street·car
–noun
a public vehicle running regularly along certain streets, usually on rails, as a trolley car or trolley bus.

A streetcar is one of the oldest forms of mass rail transit. In the early 19th century streetcars were pulled by horses and by the end of the 19th century electricity had taken over as the power that ran the cars.

Streetcars (or trams) are a heavier use replacement for busses along a corridor that supports higher density. Since streetcars operate in mixed traffic along with other automobiles (the same as busses) it is subject to much of the same traffic congestion that automobiles are but areas close to a streetcar line typically exhibit a much higher density than those that aren't. Because of this propulsion of density surrounding a streetcar line, the additional taxes brought on by the higher density helps to justify the costs associated with such a mass transit option.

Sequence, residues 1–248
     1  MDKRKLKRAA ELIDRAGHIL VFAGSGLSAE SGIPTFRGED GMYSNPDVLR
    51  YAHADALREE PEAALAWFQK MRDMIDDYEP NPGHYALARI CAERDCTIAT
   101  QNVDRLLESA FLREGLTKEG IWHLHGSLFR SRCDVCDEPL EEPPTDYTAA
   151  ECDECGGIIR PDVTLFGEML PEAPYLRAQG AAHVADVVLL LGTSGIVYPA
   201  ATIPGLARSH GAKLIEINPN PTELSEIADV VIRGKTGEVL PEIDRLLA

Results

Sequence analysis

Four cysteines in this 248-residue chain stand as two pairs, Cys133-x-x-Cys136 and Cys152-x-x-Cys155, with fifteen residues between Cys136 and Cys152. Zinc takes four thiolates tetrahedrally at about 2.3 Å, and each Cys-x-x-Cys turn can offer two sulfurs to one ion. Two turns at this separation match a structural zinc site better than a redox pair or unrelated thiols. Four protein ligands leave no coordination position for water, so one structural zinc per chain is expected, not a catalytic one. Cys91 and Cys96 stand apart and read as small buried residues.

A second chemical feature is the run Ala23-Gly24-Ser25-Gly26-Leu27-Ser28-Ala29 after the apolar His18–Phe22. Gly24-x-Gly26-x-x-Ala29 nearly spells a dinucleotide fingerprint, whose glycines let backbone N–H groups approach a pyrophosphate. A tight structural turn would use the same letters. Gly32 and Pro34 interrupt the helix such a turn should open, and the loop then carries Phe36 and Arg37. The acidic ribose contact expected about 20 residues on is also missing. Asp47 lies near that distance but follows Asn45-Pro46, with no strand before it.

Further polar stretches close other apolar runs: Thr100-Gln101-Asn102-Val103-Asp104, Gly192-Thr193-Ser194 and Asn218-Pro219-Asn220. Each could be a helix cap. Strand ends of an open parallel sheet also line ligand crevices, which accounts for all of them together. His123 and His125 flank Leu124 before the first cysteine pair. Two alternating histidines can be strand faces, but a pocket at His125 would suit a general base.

Since streetcars operate in mixed traffic what is the advantage of having this type of mass transit option?
Higher density can be supported by a streetcar than can be done with a bus line along the same route. Perhaps it is an idea only in the heads of developers, but they are much more likely to build higher density along a streetcar line than a bus line of the same route resulting in a higher tax return for the city helping to offset the costs associated with the line.